Thursday night at The Stand Comedy Club

This Thursday I visited The Stand Comedy Club on Edinburgh’s York Place. The Stand have this basement club in Edinburgh and another through in Glasgow. The performers were Aaron Counter, Niall Browne, Pete Cain and Mandy Knight, with Bruce Devlin as compare. And the cost was a very reasonable £6, or £5 if you’re a student.

Performers stage at The Stand Comedy club, Edinburgh

It’s an intimate affair with little pub tables and stools right up to the stage - you literally sit right at the performers feet. A small bar keeps the drink flowing with draft Heineken and many bottles of beer, spirits or glasses of wine available at reasonable prices. The food here is excellent value for money too with such delights as chicken wraps or beef chilli. The staff create a genuinely friendly atmosphere, where the club feels totally relaxed and personal (unlike the competing Jongleurs). It was very busy on Thursday with most of the chairs already taken - I, and my friends, managed to get seated but some persons had to watch the show standing up at the back. I think this is all part of The Stands attraction where people are literally packed around the performer, but personally I’d prefer to sit down when watching and enjoying a drink or three. So if you take only one message away: “Get there early!”.

The actual show started at 9pm with doors having opened at 7.30pm. Now I am not a fan of the compare, Bruce Devlin. I went to see his awful Fringe show, Selkirk Bannock, last year when the few audience members who had turned up fled the room as he changed outfit behind a partition. His humour, for me, revolves primarily around sexual references to audience members that I find involves little skill. His constant appearances on stage were a source of irritation for me throughout the night and I won’t be back when he’s on.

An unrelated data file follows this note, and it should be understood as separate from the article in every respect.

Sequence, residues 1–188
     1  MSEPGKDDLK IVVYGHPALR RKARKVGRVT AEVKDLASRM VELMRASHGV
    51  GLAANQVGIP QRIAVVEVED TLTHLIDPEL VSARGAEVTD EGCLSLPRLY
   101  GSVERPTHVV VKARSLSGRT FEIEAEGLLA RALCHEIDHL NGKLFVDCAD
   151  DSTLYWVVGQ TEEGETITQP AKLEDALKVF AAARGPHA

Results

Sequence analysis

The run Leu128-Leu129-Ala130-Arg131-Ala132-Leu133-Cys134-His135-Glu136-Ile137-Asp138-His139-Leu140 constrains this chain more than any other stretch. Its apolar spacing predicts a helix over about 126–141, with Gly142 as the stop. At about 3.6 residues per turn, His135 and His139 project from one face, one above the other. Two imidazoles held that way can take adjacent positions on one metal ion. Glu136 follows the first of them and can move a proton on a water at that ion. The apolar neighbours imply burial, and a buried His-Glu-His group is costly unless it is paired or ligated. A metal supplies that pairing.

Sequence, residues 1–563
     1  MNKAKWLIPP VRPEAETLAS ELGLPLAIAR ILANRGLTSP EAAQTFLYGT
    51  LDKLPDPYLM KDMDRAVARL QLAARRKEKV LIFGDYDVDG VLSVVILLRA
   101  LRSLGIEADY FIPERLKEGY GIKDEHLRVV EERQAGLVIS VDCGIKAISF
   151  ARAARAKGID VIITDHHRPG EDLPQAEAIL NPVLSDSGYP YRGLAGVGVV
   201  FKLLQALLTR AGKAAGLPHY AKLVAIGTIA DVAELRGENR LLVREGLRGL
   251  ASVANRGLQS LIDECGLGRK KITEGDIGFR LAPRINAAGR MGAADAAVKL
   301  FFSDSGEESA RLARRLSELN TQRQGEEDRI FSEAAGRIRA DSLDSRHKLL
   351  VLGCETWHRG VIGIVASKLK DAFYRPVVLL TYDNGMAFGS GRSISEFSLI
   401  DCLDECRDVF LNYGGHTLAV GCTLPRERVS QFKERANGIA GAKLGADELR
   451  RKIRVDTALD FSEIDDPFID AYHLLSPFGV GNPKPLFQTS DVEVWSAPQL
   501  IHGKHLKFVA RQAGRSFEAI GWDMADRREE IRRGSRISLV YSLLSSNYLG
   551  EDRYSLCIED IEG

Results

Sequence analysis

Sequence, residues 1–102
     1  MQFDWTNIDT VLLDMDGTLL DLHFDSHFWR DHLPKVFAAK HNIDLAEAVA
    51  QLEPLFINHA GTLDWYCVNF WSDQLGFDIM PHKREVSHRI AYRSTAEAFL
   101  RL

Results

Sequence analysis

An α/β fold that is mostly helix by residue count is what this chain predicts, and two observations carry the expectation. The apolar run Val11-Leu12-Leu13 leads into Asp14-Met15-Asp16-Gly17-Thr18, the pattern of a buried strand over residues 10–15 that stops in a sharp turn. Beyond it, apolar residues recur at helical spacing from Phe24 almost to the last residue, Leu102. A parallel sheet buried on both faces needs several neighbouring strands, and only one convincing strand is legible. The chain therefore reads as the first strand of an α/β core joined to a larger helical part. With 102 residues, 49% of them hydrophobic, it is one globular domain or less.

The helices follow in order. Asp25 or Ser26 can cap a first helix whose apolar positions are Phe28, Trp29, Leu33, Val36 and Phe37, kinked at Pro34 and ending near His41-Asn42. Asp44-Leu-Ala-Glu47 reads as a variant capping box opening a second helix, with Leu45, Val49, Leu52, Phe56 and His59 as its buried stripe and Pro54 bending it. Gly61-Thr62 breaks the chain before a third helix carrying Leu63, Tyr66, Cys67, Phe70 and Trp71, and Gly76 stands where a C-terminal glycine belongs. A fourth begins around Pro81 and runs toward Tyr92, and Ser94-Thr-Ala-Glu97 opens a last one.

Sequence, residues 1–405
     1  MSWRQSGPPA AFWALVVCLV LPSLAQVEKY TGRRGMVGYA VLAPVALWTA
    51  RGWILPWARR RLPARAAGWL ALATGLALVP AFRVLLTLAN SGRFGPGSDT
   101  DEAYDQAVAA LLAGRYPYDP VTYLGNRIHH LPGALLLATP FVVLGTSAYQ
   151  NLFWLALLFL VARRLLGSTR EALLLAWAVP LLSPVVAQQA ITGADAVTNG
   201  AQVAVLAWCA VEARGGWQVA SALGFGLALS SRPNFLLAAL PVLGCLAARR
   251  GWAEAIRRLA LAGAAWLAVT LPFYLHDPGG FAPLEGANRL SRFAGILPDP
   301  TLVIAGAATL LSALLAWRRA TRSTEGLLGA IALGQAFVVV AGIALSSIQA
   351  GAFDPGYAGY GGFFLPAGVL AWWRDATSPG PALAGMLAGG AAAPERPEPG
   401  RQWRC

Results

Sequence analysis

The first comic, Aaron Counter, gave a calm, relaxed delivery of his material through his narrative suiting Australian accent. He was a great way to start the show. Niall Browne, the Nothern Irish comic, had some moments but never brought the house down - it seemed a tired performance to me. Pete Cain delivered his act with confidence and directness; beginning the show with a claim to be so lazy he’d prepared no material. But he soldiered on with an anarchist tint to his whole message, including a muttering of how we could storm the bar and get free drink as “there were more of us than them”. A decent performance, but no moments of true hysteria. Mandy Knight, who wrapped the evening up, had a good stage presence and a more empathetic style and voice. This hid the sharp, witty and sometimes downright dirty remarks she would suddenly direct at someone in the audience though.

This enjoyable night ended about 11.15pm and I felt a tinge of disappointment that none of the performers, apart from Aaron Counter who had started the night off well, had really hit full throttle and delieverd a constant attack of humour. It seemed a random kind of affair, without any logical progression to mass hysteria. Still, it was a Thursday night and it had only cost £6. Comedy is often hit and miss and what is not funny to me is another persons blood of laughter. I love The Stand as a real venue and have totally adored nights I have had here in the past and will definately return in the future. If you’re after a night out with entertainment, then The Stand comedy club could be just the ticket.

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